The Speakeasy

by Jonathan Paine


In 1929, a frustrated office worker is talked into going to a Speakeasy for the first time ever. On this particular visit, the police arrive.

     "Oh, come on!" I yelled as I threw my papers across the office.

     I had been trying to figure out a miscalculation on a shipment, and no matter how hard I tried I just couldn't get it. The cigarette in my hand alone was not enough to calm me down. I'd smoke one after another, but none of them were able to soothe me.

     The year was 1929, and the U.S. was in a period of prohibition, a ban on all production, importation, transportation, and sale of alcohol. At the time, I was hoping for the damn thing to end so I could kick my feet up and have a nice cold glass of beer without getting in trouble for doing so.

     After my little temper tantrum, Harry, a good friend of mine, walked in the room to see that my hair and clothes were disheveled.

     "Hey, John," he asked me laughing, "what happened in here? It looks as if a tornado just swept through."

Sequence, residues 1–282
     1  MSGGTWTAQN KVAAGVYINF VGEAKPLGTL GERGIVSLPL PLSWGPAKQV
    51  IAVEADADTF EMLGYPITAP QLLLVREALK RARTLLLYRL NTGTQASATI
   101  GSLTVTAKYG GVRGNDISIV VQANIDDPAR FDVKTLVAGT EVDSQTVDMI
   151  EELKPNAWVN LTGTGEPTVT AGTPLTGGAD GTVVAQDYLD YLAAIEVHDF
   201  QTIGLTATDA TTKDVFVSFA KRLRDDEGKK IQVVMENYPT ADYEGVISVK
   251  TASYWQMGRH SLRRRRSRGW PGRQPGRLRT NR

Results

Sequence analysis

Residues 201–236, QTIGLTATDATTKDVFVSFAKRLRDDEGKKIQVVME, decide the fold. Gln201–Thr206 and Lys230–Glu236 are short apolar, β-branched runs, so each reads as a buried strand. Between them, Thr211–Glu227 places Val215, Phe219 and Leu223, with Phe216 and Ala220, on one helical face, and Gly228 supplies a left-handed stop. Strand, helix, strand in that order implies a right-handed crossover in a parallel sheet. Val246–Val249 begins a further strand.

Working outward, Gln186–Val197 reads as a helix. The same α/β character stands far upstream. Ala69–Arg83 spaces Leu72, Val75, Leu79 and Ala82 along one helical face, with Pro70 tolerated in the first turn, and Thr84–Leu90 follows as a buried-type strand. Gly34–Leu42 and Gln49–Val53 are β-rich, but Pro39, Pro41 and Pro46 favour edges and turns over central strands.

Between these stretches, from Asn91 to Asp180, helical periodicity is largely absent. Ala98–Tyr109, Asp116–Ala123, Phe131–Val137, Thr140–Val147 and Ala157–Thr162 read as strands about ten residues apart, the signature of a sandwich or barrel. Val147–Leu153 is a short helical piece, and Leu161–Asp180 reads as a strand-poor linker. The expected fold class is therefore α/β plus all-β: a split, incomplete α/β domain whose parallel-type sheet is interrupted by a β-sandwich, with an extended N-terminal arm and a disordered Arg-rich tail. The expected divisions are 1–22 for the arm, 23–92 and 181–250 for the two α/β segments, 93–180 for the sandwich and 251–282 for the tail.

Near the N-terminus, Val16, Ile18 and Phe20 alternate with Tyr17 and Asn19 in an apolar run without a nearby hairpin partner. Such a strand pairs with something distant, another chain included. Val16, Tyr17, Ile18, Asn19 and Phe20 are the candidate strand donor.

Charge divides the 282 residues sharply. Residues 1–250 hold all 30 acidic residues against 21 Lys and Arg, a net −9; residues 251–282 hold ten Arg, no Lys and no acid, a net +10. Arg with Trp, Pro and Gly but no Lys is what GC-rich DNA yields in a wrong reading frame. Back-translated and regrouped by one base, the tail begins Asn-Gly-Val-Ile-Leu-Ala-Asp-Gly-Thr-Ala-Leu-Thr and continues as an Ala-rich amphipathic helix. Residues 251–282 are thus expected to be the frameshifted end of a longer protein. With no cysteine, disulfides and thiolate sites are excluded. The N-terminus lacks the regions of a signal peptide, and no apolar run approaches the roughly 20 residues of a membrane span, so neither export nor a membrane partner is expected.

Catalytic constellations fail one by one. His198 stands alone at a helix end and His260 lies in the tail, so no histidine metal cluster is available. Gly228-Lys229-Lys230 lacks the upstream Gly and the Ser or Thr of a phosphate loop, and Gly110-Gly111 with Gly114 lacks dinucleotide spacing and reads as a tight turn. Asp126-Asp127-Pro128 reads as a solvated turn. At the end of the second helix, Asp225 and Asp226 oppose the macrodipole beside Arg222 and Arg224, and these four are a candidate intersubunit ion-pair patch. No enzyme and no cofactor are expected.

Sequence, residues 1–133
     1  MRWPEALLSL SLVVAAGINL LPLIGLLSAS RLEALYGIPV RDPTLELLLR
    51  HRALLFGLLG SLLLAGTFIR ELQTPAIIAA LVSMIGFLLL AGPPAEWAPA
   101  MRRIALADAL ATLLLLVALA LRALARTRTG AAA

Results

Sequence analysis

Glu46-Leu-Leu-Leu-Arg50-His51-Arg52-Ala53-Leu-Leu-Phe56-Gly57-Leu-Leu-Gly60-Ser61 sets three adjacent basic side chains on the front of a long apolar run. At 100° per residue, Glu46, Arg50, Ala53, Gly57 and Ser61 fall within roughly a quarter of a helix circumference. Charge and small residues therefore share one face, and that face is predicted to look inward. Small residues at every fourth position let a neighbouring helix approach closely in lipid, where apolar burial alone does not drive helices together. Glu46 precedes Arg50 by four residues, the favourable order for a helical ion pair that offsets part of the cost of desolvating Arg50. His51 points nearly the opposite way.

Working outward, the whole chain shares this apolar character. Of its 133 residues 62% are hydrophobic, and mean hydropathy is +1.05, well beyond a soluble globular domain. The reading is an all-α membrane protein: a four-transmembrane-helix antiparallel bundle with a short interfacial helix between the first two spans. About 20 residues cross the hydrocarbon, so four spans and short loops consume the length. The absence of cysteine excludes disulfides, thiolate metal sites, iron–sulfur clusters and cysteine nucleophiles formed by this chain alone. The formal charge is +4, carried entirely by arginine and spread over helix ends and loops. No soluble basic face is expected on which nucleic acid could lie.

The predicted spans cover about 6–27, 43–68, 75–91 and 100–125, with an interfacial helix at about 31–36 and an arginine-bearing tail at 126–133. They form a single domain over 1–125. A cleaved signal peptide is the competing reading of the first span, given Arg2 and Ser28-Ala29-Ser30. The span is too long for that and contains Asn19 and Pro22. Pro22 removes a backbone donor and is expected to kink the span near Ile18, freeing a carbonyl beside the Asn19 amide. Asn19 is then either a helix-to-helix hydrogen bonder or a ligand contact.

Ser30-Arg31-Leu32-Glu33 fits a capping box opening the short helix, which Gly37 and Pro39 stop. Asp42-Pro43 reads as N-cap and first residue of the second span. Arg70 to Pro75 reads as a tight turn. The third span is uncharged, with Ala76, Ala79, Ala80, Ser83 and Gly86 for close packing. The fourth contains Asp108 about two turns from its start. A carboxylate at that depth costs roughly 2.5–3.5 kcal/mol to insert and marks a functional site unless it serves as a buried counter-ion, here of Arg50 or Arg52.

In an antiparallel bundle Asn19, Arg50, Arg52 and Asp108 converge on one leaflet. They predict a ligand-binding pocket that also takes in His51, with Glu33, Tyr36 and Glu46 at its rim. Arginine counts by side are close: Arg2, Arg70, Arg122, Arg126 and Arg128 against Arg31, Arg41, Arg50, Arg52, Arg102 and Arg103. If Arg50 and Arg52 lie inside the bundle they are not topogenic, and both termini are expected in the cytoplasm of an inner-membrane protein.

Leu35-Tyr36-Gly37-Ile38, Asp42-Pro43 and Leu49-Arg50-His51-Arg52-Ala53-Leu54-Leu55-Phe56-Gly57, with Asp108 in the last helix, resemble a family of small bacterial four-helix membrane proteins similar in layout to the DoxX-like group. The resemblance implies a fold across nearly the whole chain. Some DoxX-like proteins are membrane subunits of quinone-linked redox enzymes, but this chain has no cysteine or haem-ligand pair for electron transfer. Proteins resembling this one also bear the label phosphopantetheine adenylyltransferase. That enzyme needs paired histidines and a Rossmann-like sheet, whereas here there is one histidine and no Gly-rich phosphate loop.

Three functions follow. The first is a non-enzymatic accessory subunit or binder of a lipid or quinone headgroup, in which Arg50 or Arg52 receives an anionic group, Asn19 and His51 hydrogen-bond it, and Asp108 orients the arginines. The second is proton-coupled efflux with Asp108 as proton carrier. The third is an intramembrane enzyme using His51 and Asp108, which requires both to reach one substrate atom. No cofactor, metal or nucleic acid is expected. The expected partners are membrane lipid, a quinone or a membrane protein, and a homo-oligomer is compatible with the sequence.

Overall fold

"I...I just can't figure these calculations," I began. "No matter how many times I run through the numbers, the answer just doesn't come out right. The math just doesn't work."

     "Tell you what," Harry started, "I don't bring this up in most conversations, but you're a good man. Go to the drugstore on the corner of 6th and Main tonight after work." He stuck his hand into his jacket and began to search for something. "When the soda jerk asks you what you'd like, show him this piece of paper." He pulled his hand out of his jacket and showed me the paper.

     The paper read: "HSEVE AETER RNOA RTHB YMAE."

     "What's it say?" I asked him.

     "Oh, you needn't know that," he responded, "just give him the paper and you'll be all set." With that said, he walked out of my office, leaving me with the piece of paper.

     So, at six o'clock, after I got out of work, I headed down to the drugstore that he had mentioned. I took one look at this place and said to myself, "Some cop is bound to find this place eventually." I walked in and the soda jerk looked at me.

     "Sorry, pal, we're just about to close for the night," he said as he continued to clean the countertop. "Get whatever whatever it is that you want, but make it quick."

     "That's alright," I began, "a friend of mine gave me this sheet of paper." I handed him the paper and he looked at it. Immediately, I saw his eyes widen.